Its relative clarity aside, Musicology is still a Prince album, so it hardly lacks bold ideas. "Cinnamon Girl" borrows a title from Neil Young and a deft hook from the mid-Eighties to explore racial and ethnic differences in a post-9/11 world. Other songs sprinkle offhand references to the Iraq war, the Fourteenth Amendment, the Bible, numerology and the corrupting power of greed. Prince -- who is now a Jehovah's Witness -- has dialed his trademark sexual explicitness way down. But that restraint works, too. With its sinuous grooves and effortless swing -- not to mention Prince's seductive vocals -- Musicology simmers with a submerged erotic tension.

Finally, of all things, the album is a hymn to marriage -- not the frisky fantasy stuff of "Let's Pretend We're Married" but the real domestic deal. "Did we remember to water the plants today?" the singer asks on "Reflection," Musicology's closing song, finding the secret life of love in a quotidian detail. That's an example of how Prince, who claimed that Musicology would take everyone back to school, is really the one who has understood an essential lesson: Less can be so much more.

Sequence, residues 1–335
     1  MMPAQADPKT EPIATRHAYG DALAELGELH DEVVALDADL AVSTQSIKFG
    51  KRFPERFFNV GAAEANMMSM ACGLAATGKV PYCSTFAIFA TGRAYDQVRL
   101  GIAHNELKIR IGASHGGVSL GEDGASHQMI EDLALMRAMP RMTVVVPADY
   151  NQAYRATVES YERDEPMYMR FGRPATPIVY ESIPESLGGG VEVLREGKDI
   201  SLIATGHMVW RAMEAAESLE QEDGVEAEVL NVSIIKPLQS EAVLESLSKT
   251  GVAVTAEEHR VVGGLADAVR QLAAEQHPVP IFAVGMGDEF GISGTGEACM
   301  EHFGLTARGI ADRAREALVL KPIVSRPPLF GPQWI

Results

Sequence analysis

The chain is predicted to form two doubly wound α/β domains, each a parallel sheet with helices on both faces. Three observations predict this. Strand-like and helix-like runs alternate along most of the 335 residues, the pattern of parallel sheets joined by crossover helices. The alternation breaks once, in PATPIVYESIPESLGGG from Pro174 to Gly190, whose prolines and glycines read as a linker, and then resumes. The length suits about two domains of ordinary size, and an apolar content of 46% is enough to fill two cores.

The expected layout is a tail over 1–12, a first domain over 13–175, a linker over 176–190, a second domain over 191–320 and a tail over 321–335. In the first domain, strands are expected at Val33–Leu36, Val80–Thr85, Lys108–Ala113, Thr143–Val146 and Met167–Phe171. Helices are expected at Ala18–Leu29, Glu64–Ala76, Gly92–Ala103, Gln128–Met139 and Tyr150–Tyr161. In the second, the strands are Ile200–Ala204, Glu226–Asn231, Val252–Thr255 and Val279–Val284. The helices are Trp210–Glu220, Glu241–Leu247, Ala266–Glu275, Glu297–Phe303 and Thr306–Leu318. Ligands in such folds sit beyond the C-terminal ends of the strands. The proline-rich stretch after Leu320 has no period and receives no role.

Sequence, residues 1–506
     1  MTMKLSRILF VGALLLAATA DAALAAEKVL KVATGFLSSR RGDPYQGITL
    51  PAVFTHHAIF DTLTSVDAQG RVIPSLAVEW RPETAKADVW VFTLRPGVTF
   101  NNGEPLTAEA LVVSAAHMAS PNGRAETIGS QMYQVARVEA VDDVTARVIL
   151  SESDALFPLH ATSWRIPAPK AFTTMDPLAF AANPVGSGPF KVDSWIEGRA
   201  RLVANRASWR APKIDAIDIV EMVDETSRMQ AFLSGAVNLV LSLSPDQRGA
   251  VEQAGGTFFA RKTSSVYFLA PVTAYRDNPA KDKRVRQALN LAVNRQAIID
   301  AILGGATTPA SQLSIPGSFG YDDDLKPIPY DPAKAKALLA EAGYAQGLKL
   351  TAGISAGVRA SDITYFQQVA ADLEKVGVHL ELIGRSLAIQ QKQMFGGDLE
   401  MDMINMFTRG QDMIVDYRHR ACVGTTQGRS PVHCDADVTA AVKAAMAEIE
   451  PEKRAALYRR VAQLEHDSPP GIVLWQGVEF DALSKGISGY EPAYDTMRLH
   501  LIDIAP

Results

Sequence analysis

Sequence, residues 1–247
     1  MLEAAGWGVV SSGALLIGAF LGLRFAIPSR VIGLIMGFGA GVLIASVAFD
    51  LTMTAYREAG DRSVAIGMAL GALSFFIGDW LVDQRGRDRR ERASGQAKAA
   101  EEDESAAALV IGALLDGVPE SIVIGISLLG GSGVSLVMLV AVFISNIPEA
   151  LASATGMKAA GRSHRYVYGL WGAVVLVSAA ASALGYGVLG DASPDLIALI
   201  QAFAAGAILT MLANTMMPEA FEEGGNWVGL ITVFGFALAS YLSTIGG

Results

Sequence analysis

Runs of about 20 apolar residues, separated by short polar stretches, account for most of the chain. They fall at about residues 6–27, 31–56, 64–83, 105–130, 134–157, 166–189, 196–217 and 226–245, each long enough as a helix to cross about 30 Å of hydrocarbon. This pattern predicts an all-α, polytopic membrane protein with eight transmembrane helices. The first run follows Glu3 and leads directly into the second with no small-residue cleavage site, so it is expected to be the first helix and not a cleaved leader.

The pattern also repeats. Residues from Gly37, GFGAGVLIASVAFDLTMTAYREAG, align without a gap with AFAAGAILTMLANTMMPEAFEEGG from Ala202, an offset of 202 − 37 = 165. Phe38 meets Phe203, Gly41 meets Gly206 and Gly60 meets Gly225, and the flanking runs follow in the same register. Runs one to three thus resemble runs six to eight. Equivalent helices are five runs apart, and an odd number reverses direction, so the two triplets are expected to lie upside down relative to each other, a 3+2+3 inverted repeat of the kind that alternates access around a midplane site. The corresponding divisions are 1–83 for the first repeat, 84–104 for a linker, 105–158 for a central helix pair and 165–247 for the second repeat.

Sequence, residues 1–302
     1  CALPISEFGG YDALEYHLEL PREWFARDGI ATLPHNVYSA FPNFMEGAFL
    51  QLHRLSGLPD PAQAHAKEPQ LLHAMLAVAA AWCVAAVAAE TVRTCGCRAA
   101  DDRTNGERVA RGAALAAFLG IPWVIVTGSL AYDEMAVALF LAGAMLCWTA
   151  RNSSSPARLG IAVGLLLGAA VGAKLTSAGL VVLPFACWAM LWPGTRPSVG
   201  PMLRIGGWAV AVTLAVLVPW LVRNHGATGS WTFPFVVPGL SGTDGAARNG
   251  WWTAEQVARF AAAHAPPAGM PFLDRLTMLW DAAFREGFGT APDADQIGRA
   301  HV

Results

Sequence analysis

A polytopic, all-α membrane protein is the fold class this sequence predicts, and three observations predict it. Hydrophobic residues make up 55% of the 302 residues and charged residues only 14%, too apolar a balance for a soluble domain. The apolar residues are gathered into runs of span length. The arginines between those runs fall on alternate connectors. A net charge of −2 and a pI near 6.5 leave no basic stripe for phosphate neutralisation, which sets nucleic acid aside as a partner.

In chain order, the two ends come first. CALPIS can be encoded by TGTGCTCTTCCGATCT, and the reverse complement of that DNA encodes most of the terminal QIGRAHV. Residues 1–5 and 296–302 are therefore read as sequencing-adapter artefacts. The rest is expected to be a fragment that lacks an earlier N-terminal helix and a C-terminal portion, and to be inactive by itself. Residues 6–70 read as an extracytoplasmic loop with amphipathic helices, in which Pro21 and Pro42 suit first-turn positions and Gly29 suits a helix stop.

(RS 947, April 29, 2004)




Reviewed by David Browne

During his '80s heyday, Prince set a high creative bar for himself, and in retrospect, it's astonishing how he vaulted over it album after album. But after 15 years of self-indulgent and justly forgotten records, that bar has fallen so low that it's tempting to hear the fat-free, melodic Musicology as a beacon of hope. Its skeletal funk never grows too knotty for its own good, and there are no overtly Christian themes, no meandering fusion instrumentals, and, thankfully, no rapping.

On his current tour of the same name, Prince unabashedly vies for his fans' old love by playing a hits-heavy set. ''Musicology'' is a suitable companion to the tour: Most of the songs, while new, sound old. ''A Million Days'' and ''Call My Name'' are exquisite slow-jam cream puffs, but they're basically variations on ballads he's written before. Similarly, calls to the dance floor like the title track and ''Life 'O' the Party'' are spry but rote, and his shout-outs to Dr. Dre and Missy Elliott only point out how dated Prince's funk has become.